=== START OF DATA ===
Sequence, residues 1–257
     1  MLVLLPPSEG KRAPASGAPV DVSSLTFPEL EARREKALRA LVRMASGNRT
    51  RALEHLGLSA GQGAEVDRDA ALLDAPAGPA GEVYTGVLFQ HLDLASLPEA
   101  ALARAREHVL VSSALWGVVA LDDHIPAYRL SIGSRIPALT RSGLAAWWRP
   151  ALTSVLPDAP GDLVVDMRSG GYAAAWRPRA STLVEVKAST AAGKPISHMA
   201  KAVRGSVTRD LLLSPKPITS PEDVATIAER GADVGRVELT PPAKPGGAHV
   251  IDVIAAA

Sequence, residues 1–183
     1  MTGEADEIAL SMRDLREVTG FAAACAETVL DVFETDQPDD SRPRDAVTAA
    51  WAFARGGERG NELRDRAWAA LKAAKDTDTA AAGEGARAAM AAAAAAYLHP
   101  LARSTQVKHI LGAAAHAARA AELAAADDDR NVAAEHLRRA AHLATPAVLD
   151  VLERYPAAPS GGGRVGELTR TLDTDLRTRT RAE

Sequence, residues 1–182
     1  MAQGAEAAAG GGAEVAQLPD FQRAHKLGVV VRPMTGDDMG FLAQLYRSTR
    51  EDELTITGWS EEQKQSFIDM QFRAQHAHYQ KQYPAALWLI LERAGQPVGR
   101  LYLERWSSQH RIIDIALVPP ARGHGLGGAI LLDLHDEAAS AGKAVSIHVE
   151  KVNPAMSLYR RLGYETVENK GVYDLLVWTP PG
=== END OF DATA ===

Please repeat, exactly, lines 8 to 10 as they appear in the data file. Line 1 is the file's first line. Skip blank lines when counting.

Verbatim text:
Sequence, residues 1–183
     1  MTGEADEIAL SMRDLREVTG FAAACAETVL DVFETDQPDD SRPRDAVTAA
    51  WAFARGGERG NELRDRAWAA LKAAKDTDTA AAGEGARAAM AAAAAAYLHP